Home Hedge Funds Analysis-US bond repricing marks brief setback for hedge funds’ basis trade

Analysis-US bond repricing marks brief setback for hedge funds’ basis trade


By Carolina Mandl and Davide Barbuscia

NEW YORK (Reuters) – Hedge funds have reduced bearish bets in U.S. Treasuries after a change in market expectations for interest rate cuts this year, but the sheer growth of the government debt market is expected to spur more trading in the future.

Some hedge funds short Treasury futures as part of the so-called basis trade, a bet that exploits the price difference between a Treasury security and its derivative in the futures market. The strategy, where returns are juiced by leverage, has gained popularity thanks to high demand for Treasury futures by asset managers. Hedge funds take the other side of that trade, selling futures contracts.

Now, as investors re-calibrate their bond bets on expectations that interest rates will remain higher for longer, asset managers’ demand for futures has declined, reducing the profitability of the trade, market participants have said.

Three hedge funds told Reuters that the once eye-popping returns on the basis trade have declined, making it a less interesting trade, although still profitable. The portfolio managers spoke on condition of anonymity because their trades are not public.

Currently gains are roughly 10% lower than they were six months ago, the chief investment officer of one of the funds said.

Traders also said that the strategy had recently become too crowded as high returns have lured more participants. As a consequence, the higher supply of Treasury futures shorts by hedge funds together with a lower demand from asset managers for the derivative has shrunk the price differential portfolio managers have been exploiting.

Asset managers’ long positions for 10-year Treasury futures rose sharply over the past couple of years until a record peak in August last year. In recent months, however, 10-year futures long positions have dropped sharply, according to Commodity Futures Trading Commission data.

Somewhat similarly, leveraged funds’ short bets on the benchmark futures contract have been rising steeply since mid-2022, but have dropped sharply this year.

A basis trade investor, speaking on condition of anonymity, said reduced demand for Treasury futures in recent months was also likely the result of asset managers investing more heavily in corporate debt as they seek higher yields.


Regulators have focused on the basis trade in recent years because a fast unraveling of these positions is seen as a potential source of volatility, as seen in March 2020 when the Treasury market seized up for lack of liquidity.

In particular, there is concern among regulators that the trade could be a source of financial stability risk because hedge funds must provide more collateral to back their positions when volatility rises. This can hurt their balance sheets and the banks that provided the funding.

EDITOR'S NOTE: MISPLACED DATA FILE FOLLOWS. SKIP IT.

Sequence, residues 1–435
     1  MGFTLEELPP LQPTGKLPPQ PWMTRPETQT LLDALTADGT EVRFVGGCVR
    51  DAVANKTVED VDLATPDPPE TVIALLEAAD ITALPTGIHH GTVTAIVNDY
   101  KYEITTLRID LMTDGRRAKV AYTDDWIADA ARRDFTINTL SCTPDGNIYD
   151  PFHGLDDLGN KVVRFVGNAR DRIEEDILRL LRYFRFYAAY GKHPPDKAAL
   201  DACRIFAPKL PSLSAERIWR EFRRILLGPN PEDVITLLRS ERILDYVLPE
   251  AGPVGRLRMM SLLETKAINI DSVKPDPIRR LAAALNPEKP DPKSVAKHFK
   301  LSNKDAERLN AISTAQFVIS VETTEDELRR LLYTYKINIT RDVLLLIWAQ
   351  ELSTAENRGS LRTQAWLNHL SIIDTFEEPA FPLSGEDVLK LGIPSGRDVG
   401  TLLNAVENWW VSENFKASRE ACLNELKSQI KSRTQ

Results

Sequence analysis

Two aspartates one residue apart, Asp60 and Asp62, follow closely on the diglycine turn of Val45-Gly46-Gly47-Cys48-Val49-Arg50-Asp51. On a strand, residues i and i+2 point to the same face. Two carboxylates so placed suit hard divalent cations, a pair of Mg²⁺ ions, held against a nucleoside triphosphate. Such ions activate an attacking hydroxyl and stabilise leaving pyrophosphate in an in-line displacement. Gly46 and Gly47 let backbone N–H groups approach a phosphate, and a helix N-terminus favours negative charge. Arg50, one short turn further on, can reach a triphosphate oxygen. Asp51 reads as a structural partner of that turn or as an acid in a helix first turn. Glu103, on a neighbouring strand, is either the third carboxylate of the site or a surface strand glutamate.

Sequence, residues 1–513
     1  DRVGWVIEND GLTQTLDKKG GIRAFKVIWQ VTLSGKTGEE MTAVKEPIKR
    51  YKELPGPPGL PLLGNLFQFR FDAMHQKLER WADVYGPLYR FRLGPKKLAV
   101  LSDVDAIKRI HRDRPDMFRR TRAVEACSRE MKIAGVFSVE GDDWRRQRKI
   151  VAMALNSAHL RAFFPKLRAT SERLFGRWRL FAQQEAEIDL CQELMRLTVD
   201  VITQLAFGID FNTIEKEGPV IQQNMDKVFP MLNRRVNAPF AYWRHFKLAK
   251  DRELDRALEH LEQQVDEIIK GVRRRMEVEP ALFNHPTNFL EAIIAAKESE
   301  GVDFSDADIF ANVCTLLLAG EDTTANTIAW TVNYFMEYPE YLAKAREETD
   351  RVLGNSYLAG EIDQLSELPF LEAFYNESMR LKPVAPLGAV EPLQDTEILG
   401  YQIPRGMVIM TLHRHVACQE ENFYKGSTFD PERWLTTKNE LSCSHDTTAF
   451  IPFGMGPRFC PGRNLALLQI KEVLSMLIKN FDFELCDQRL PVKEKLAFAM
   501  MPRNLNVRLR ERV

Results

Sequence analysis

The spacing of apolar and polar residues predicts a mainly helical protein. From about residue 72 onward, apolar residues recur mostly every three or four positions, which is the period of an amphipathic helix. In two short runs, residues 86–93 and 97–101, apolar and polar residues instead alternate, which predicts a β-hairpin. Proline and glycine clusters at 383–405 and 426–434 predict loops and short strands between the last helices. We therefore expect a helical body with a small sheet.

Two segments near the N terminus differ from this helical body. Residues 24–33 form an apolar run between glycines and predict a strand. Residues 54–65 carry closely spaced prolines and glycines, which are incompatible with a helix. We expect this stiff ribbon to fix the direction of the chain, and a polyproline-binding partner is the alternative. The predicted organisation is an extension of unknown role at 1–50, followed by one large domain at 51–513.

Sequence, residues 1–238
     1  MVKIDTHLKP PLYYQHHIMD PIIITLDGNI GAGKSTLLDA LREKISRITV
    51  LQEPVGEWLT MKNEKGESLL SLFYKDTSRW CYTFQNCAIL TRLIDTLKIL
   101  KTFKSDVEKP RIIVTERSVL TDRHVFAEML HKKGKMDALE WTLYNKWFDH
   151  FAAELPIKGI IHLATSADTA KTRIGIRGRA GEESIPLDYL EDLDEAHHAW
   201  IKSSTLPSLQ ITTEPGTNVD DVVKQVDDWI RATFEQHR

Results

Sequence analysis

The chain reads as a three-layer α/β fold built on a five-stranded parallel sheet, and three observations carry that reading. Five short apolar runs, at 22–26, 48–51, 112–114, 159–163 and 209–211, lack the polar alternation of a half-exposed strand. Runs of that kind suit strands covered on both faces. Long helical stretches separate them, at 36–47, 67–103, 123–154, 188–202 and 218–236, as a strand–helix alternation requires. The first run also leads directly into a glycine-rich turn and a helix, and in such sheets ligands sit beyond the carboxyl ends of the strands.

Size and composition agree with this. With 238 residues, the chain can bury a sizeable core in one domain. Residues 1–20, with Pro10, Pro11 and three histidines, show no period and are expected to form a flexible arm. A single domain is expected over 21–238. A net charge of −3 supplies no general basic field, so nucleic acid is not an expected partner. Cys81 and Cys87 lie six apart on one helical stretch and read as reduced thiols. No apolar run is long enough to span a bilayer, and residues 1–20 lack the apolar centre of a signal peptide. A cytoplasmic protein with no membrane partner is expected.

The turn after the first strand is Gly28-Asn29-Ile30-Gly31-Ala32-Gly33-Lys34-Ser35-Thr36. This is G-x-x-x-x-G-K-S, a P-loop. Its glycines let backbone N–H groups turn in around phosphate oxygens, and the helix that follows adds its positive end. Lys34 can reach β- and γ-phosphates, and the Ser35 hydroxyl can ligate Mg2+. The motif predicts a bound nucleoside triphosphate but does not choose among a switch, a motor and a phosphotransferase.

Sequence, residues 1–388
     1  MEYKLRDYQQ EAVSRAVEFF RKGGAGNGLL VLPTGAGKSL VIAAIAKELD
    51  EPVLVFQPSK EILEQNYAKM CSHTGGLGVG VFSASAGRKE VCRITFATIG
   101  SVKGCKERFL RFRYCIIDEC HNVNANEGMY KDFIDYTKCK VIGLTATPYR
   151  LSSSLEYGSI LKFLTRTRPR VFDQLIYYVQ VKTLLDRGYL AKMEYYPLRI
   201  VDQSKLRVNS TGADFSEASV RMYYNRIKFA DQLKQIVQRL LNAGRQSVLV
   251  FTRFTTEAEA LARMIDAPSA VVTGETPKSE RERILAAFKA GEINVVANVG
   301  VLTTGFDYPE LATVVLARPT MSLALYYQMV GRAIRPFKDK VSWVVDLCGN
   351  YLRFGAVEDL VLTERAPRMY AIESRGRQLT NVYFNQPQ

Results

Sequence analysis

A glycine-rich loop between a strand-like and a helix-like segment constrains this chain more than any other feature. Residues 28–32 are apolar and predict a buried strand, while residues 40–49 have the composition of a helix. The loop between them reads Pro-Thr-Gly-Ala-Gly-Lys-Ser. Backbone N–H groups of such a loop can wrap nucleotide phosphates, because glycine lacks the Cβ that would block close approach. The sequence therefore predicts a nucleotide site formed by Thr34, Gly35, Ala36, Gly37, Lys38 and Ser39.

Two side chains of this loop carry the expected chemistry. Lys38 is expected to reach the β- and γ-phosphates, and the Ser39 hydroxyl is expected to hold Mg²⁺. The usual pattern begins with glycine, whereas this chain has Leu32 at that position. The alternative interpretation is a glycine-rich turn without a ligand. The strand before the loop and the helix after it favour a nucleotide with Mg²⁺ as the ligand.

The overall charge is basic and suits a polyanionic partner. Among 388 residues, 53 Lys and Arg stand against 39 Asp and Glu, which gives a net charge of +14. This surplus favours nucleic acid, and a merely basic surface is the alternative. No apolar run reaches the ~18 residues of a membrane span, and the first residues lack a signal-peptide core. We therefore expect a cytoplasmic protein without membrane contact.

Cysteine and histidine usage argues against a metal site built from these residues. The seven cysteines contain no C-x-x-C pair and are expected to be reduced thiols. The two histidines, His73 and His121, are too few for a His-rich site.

At the same time, the basis trade is seen as a vital source of demand for Treasuries at times of supply and demand imbalances.

In a March 2024 paper, Fed researchers noted how peaks in basis trade activity – between 2018 and 2020 and then from the second half of 2022 until now – coincided with periods of large Treasury debt sales and with the Fed reducing the size of its bond holdings.

These dynamics cause Treasury prices to fall compared to futures, where demand from asset managers is high because of better liquidity than in the cash market.

Because of expectations of large Treasury issuance for the foreseeable future, the recent setback for basis trades is likely to be only temporary, market participants said.

More supply is expected to make cash Treasuries, or bonds traded in the secondary market, cheaper relative to futures contracts, widening the gap between the two positions and therefore attracting more relative value traders, the chief investment officer of a hedge fund said.

On the supply side, government debt issuance could reach $3.9 trillion in 2024 alone, the Securities Industry and Financial Markets Association estimated earlier this month. Meanwhile, traditional market makers such as bank dealers continue to struggle to keep up with the ballooning Treasury market because of capital rules introduced after the 2008 financial crisis.

“The growth of these trades is just natural to me because we’re in this market where traditional intermediation in the Treasury market is not as it used to be,” said Jay Barry, co-head of US Rates Strategy at JPMorgan.

“Over time, the basis position is going to be bigger than it was in 2019-2020 as the Treasury market continues to grow,” he said.

(Reporting by Davide Barbuscia and Carolina Mandl in New York; Editing by Anna Driver)

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